Preliminary biological studies
The structure resemblance to a variety of biologically active compounds also encourages us to evaluate the biological activity of our products. Our preliminary biological studies revealed that compounds 3I, 13 and 15 exhibited good cytotoxicities against both H1299 (human non-small cell lung carcinoma, with IC50 values of 10.8 and 19.5 μM for 3I and 15, respectively) and 293T (derivative of human embryonic kidney transformed by adenovirus, with IC50 values of 18.5 and 10.9 μM for 13 and 15, respectively) cell lines (Supplementary Table 10).
In summary, we have developed a strategically novel, general and powerful approach for diversity-oriented synthesis of skeletally- and functionally diverse benzannulated medium- and macro-ring scaffolds through 1,4(5)-aryl migration/ring expansion triggered by addition of the diverse radicals to alkenes. Furthermore, the newly developed protocol provides a facile and straightforward access to useful medium-bridged amine derivatives, such as the analogues of the azocine nucleus and the isopavine family. This protocol features a diverse product scope including a variety of carbo-, oxygen-, nitrogen- or sulfur-containing 8 to 14-membered cyclic ketones and medium-bridged amines with over 37 distinct skeletally complex scaffolds as well as the identification of some compounds with potent activity in anticancer and proliferation inhibition, wide functional group compatibility, high enantioselectivity (up to 99% ee) by a chirality transfer strategy, and readily available substrates and reagents. The mechanism of this novel strategy was also investigated by control experiments and DFT calculations. Considering the broad utility for diversity-oriented synthesis of various medium rings and bridged rings of this new protocol, we further anticipate that this efficient strategy will motivate the design of other related processes for the more efficient synthesis of complex natural products and other bioactive molecules.
General procedure for azidation reactions
Under argon, a 25 ml Schlenk tube equipped with a magnetic stir bar were charged with 1 (0.3 mmol, 1.0 equiv), 2a (104 mg, 0.36 mmol, 1.2 equiv), CuCN (2.7 mg, 0.03 mmol, 0.1 equiv) and EtOAc (super dry, 3.0 ml). The sealed tube was then stirred at 60 °C for 12 h. After completion (monitored by thin-layer chromatography (TLC)), EtOAc (30 ml) was added. The organic phase was washed with saturated NaHCO3 solution (2 × 5 ml), dried over anhydrous Na2SO4, filtered and concentrated to afford the crude product, which was purified by flash column chromatography to afford the corresponding product 3.
General procedure for trifluoromethylation reactions (a)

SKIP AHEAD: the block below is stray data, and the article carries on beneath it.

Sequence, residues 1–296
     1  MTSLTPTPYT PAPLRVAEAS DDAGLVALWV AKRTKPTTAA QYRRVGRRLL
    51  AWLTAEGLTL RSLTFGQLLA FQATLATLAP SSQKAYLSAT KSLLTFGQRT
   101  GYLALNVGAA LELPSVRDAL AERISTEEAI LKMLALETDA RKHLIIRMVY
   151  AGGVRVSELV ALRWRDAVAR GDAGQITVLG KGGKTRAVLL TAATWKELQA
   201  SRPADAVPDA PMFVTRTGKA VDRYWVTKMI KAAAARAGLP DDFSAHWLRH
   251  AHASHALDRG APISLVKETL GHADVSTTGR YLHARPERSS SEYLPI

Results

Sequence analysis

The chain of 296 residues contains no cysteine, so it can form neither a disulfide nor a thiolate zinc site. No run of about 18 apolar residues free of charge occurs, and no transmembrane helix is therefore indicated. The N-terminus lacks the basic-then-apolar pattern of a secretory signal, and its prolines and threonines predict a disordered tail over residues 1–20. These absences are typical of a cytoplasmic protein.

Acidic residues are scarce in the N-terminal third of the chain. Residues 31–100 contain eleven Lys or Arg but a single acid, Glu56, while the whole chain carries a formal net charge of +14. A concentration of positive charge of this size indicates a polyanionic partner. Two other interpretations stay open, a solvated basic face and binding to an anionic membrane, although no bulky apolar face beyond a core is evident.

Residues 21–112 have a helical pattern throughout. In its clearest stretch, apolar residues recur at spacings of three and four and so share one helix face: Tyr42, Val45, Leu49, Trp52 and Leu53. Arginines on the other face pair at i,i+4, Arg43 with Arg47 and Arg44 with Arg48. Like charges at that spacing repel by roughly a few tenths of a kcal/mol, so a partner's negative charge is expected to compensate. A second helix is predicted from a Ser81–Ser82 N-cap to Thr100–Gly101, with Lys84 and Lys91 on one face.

Under argon, a 25 ml Schlenk tube equipped with a magnetic stir bar were charged with 1 (0.2 mmol, 1.0 equiv), 2b (126 mg, 0.4 mmol, 2.0 equiv), CuCN (1.8 mg, 0.02 mmol, 0.1 equiv) and EtOAc (2.0 ml). The sealed tube was then stirred at 80 °C for 12 h. After completion (monitored by TLC), EtOAc (30 ml) was added and the reaction mixture was washed with saturated NaHCO3 (2 × 5 ml) solution. The organic layer was dried over anhydrous Na2SO4, filtered and concentrated to afford the crude product, which was purified by flash column chromatography to afford the product 4.
General procedure for trifluoromethylation reactions (b)
Under argon, a 25 ml Schlenk tube equipped with a magnetic stir bar was charged with 1 (0.2 mmol, 1.0 equiv), 2b (126 mg, 0.4 mmol, 2.0 equiv), CuCN (1.8 mg, 0.02 mmol, 0.1 equiv) and dioxane (4.0 ml). The sealed tube was then stirred at 60 °C for 24 h. After completion (monitored by TLC), EtOAc (30 ml) was added and the reaction mixture was washed with saturated NaHCO3 solution (2 × 5 ml). The organic layer was dried over anhydrous Na2SO4, filtered and concentrated to afford the crude product, which was purified by flash column chromatography to afford the product 4.
General procedure for phosphonylation reactions
To a flame-dried Schlenk tube equipped with a magnetic stir bar were added 1 (0.2 mmol, 1.0 equiv), 5a/5b (0.4 mmol, 2.0 equiv) and AgNO3 (18 mg, 0.10 mmol, 0.5 equiv). The tube was evacuated and backfilled with argon for three times, and then CH3CN (2.0 ml) was added. The tube was stirred at 80 °C for 24 h and then H2O (5 ml) was added. The product was extracted with EtOAc (3 × 10 ml). The combined organic layers were dried over anhydrous Na2SO4, filtered and concentrated to afford the crude product, which was purified by flash column chromatography to afford the product 6–8.
For NMR and HPLC spectra, see Supplementary Figs 11–214.
The X-ray crystallographic coordinates for structures reported in this article have been deposited at the Cambridge Crystallographic Data Centre (CCDC), under deposition number CCDC 1451652 (4O), CCDC 1451653 ((R)-1A) and CCDC 1451654 ((R)-4A). The data can be obtained free of charge from The Cambridge Crystallographic Data Centre via http://www.ccdc.cam.ac.uk/data_request/cif. Any further relevant data are available from the authors on reasonable request.
How to cite this article: Li, L. et al. Radical aryl migration enables diversity-oriented synthesis of structurally diverse medium/macro- or bridged-rings. Nat. Commun. 7, 13852 doi: 10.1038/ncomms13852 (2016).
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Financial support from the National Natural Science Foundation of China (Nos. 215722096, 21302088), the National Key Basic Research Program of China (973 Program 2013CB834802), Shenzhen overseas high-level talents innovation plan of technical innovation project (KQCX20150331101823702), Shenzhen special funds for the development of biomedicine, Internet, new energy and new material industries (JCYJ20150430160022517) and South University of Science and Technology of China is greatly appreciated.
The authors declare no competing financial interests.
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Li, L., Li, ZL., Wang, FL. et al. Radical aryl migration enables diversity-oriented synthesis of structurally diverse medium/macro- or bridged-rings. Nat Commun 7, 13852 (2016). https://doi.org/10.1038/ncomms13852